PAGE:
Stage fright attacks even the best of us. Standing in front of thousands of people, it is easy to succumb to the biological factors that zap our memory and rob us of confidence.
The anticipation of being on stage makes almost everyone with a heartbeat nervous. In fact, 75% of the US population has some degree of glossophobia, a fancy word for stage fright. You are not alone.
Most public speakers rely on some sort of aid to lead them through their speech. A PowerPoint, note cards, or even full paper scripts. When are these appropriate? And which is best?
The process of memorization can seem monotonous, but it’s the most natural technique to choose when you have plenty of time to practice. This way, you become intimately familiar with your talk until it is second nature.
You’re even minimizing your body’s fight or flight response by knowing what comes next.
Anyone who’s participated in presentation skills training or experienced TED or public keynotes knows the importance of connecting with an audience. Constantly referring to notes, notecards, or PowerPoint slides breaks the eye contact necessary to build trust. Without trust, there’s no connection. Without connection, the audience isn’t receiving your message.
The secret weapon for presenters when the stakes are high is the use of a teleprompter. This used to be only be a tool of the elite, like presidents and executives. Today thanks to technology, teleprompter apps, and teleprompter software are cheap or free and available to everyone.
When a teleprompter is best:
If your speech needs to be 100% scripted and polished.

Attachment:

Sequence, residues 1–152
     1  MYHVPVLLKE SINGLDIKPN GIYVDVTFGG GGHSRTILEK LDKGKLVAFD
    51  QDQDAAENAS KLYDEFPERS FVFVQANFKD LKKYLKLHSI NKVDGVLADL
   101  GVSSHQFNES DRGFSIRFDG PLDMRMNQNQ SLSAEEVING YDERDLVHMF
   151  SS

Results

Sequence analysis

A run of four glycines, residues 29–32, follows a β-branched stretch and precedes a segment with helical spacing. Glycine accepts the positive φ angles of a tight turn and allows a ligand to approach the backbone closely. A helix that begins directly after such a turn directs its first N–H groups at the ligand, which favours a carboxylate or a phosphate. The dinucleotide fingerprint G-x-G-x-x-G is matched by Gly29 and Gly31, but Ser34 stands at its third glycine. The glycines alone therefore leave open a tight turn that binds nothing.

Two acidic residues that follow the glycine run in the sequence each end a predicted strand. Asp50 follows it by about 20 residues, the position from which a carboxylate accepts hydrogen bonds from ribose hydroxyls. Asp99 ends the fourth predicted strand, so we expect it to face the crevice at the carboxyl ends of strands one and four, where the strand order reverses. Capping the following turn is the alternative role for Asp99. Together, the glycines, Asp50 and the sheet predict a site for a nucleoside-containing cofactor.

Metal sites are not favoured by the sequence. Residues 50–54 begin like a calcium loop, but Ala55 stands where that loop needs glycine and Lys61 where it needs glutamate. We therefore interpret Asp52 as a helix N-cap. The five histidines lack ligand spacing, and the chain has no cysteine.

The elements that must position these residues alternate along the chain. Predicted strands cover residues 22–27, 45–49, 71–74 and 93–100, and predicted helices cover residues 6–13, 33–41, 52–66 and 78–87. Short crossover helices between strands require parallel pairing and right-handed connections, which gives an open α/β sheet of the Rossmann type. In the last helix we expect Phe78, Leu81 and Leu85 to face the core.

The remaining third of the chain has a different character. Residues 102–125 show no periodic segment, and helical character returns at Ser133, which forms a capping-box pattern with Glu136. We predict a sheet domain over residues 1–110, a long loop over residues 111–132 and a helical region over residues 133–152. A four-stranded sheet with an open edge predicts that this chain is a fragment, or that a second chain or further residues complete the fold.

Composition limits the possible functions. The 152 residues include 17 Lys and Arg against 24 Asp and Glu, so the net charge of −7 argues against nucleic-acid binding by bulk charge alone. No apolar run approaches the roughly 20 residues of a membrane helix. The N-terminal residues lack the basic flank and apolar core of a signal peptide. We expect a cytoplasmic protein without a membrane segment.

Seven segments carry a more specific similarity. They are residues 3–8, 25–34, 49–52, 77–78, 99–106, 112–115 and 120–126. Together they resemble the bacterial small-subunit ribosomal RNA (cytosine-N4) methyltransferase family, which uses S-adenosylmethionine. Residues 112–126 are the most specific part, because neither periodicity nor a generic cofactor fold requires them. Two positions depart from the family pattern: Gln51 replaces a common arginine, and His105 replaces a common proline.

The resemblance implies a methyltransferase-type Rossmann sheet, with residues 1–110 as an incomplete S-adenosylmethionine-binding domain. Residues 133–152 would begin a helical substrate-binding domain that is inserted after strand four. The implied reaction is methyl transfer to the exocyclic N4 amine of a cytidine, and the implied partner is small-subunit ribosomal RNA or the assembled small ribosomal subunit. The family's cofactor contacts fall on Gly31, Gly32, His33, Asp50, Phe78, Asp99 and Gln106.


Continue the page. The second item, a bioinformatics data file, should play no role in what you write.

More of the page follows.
This is necessary for many politicians, for news anchors, and for any situation where every word must be absolutely perfect.
You’re an In-Demand Speaker
If you are traveling and giving several speeches regularly with no time to properly memorize in between, then a teleprompter is the best way to stay organized and on-topic.
It’s Too Late to Memorize
If you’ve simply run out of time to practice, it’s far preferable to use a teleprompter than to stay up the night before trying to cram every line of your speech into your head. You need your sleep to be at your best in front of an audience.
Become familiar with the space and the technology you will be using. It’s especially important to time the cadence of the teleprompter to your comfort and be aware that these can vary for each type. Rehearse aloud, giving yourself an opportunity to safely make mistakes and correct them before an audience sees them.
It is always better to have something in your teleprompter than to have nothing.
This can beg the question, “Why don’t I just wing it?”
I hear this question often in my public speaking skills classes. My short answer is, “no.” My long answer is, “For the love of all that is good, please no.” I have witnessed too many speeches as they suddenly careen off-topic, winding through strange emotional sharings, and finally crash into what I call “Uncanny Valley,” when the speaker suddenly loses all traces of personality and stares at a strange space in the back of the room.
Fortunately for many of us, a teleprompter can prevent this.
Even the great wordsmith Mark Twain has famously commented,
“It usually takes me more than three weeks to prepare a good impromptu speech.”
If you do decide to use a teleprompter, it is still essential to practice.
You’ll know you’ve practiced enough when your speech sounds authentic and you are not reading verbatim. This will help you to truly be present as you present.
Though you will probably be tempted to load every brilliant word into the teleprompter, using simple phrases as cues will help you avoid seeming robotic and stiff.
As you cue up your teleprompter, remember that your audience will always resonate with a well-delivered message. No one has ever said, “wow they memorized that well.” (Even during a public speaking training class!)
Whatever you choose, the bottom line is to remain calm, organized, and to practice at least a few times in order to build confidence and familiarity with your message. You’ve got this!
Want step-by-step information on how to write your speech, along with worksheets to guide you? Check out our Public Speaking Training 101 Series.
Fia and Gregg Fasbinder